Crews would arrive Friday night to begin digging out the grooming machines and tow ropes, which sometimes were buried under 10 feet of fresh snow.
Skiers arrived Saturday and Sunday mornings. Many were beginners who mastered their turns, stops and tucks at Paradise before moving to longer, chairlift-equipped runs at Crystal Mountain or White Pass.
On good weekends, "We would fill the parking lot," Vanderflute said. "We taught a lot of people to ski at Paradise. We had probably 40 to 50 people sign up for Sunday lessons."
Yet almost from the start, Vanderflute felt unwelcome.
"If there was a ski area in the national park and they really wanted it, they didn't show they wanted it," Vanderflute said. "Unfortunately, the national park seems to think that's their own personal playground. It doesn't have anything to do with the people who pay the tax on the damn thing."
One particular annoyance was a road sign.
In winter, park officials would put a sign at the Nisqually entrance that read "Road closed seven miles ahead." While technically true, it overlooked the fact that the road from Longmire to Paradise was closed while it was being plowed, and that it would soon reopen.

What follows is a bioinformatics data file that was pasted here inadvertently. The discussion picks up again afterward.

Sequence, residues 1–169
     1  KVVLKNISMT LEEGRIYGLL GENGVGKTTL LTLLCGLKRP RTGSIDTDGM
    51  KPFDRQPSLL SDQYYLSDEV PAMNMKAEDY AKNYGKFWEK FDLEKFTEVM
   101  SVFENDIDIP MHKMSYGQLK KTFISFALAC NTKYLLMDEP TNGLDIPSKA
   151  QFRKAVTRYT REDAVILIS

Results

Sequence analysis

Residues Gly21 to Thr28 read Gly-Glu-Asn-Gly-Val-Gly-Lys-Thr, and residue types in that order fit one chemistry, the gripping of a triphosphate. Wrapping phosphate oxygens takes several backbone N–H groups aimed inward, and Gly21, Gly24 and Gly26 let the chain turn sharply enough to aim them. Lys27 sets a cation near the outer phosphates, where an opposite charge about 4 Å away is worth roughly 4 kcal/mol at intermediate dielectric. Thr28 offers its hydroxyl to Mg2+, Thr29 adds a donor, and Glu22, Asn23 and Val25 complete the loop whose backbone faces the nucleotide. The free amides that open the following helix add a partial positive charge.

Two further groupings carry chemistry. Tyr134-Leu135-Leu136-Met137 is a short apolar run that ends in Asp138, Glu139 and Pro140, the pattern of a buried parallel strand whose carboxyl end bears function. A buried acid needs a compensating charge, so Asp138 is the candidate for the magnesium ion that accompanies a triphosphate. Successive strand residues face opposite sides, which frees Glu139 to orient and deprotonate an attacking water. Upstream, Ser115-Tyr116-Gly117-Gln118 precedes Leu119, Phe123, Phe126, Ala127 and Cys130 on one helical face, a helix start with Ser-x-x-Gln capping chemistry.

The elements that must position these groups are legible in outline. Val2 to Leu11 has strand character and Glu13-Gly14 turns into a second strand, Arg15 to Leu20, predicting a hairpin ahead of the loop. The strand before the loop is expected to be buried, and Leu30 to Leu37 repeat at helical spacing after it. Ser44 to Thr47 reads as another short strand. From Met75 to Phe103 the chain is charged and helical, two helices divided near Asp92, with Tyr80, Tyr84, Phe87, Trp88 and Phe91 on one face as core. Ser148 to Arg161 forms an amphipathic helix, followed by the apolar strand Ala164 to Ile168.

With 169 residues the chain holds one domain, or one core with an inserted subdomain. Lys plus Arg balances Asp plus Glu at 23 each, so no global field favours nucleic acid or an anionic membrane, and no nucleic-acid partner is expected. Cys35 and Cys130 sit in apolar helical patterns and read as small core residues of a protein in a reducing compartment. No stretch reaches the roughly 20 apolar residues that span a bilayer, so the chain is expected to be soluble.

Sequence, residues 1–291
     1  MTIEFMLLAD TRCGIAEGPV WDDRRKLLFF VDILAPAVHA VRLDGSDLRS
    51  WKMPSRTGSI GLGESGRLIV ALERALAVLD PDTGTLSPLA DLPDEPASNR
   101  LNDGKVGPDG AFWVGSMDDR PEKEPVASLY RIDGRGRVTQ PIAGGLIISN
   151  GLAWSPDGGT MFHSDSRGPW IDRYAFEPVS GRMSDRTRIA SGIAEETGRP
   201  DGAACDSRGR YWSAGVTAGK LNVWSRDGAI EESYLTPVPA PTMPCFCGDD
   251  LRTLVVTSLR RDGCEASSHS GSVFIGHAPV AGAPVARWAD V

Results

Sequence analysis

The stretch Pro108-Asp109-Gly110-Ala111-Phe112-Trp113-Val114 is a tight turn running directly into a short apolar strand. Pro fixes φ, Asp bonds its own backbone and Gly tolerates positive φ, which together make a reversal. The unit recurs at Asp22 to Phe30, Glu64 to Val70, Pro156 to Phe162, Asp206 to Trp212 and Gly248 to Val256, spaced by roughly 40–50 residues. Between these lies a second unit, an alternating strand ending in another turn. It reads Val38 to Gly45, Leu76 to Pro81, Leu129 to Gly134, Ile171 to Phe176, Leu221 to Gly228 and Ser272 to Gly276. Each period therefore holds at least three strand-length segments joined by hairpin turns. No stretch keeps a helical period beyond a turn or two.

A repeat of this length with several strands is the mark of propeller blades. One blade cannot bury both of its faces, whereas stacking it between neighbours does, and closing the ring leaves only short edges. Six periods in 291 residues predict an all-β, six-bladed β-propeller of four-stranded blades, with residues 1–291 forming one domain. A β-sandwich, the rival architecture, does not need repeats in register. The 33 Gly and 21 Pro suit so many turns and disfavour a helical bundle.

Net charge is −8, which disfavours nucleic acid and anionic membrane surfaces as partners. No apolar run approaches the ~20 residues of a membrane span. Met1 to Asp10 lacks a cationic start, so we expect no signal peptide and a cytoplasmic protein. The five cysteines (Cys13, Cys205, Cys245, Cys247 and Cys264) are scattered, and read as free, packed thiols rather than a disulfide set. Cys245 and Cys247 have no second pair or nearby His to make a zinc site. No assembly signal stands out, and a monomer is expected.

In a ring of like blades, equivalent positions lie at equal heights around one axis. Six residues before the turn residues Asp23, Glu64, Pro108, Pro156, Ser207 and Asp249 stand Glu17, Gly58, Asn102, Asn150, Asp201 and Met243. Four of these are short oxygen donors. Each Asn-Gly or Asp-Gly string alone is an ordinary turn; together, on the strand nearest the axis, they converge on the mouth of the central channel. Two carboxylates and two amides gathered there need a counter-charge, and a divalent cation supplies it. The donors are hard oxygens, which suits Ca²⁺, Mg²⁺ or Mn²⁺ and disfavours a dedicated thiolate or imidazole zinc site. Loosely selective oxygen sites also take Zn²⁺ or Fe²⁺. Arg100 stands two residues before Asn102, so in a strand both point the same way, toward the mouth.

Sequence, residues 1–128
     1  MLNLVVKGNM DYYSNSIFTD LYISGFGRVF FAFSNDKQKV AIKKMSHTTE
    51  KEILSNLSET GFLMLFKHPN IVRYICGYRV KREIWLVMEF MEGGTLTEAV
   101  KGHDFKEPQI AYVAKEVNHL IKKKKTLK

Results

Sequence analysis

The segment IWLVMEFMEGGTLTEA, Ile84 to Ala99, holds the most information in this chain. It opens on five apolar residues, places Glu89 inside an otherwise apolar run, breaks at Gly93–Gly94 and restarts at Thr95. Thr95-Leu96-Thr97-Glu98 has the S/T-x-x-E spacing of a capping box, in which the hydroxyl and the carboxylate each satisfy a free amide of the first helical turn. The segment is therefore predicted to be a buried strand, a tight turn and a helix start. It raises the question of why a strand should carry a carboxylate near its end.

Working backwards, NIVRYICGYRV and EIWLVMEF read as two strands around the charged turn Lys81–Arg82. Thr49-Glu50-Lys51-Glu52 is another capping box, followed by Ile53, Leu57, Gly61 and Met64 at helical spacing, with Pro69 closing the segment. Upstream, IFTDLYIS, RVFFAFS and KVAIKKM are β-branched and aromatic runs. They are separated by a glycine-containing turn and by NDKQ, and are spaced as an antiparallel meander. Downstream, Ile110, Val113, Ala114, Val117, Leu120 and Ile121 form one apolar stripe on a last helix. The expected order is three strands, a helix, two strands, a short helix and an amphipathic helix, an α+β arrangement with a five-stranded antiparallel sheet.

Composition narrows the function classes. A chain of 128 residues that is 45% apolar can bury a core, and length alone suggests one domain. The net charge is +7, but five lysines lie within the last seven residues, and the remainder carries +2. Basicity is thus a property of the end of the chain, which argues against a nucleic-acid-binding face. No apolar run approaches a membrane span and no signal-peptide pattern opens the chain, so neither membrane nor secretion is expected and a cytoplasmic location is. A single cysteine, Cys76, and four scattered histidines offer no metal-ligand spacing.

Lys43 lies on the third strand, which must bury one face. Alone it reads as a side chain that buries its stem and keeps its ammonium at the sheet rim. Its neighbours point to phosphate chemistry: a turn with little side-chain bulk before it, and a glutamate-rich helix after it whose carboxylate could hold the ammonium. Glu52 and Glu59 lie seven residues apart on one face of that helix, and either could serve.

Vanderflute said he begged park officials to put up a different sign that read something like, "Road will open at 9 a.m." They refused.
"That sign in the road is probably what did us in," Vanderflute said. "Skiers would see the sign, see the road was closed, and they'd leave."
Finally, Vanderflute and his partners gave up. He moved his Paradise Ski School to the more accommodating Crystal Mountain. He said he "never even considered" trying to restart his tow operation at Mount Rainier.
"I had such a bitter pill in my mouth from the experience I had with them, I couldn't care less," he said.
Today, a handful of downhill skiers and snowboarders still visit Rainier each weekend, and the numbers rise in spring after other ski areas close. Most pack their equipment up the mountainside to 10,080-foot Camp Muir - a spot more than 3,000 feet higher than any chairlift in Washington - for one long slide back down to Paradise.
Near the parking lot, they pass that odd tepee-shaped hut with vertical slits through which tow cables once passed.
"Except for that building," said Vanderflute, "there's no evidence at all that there was a ski area there."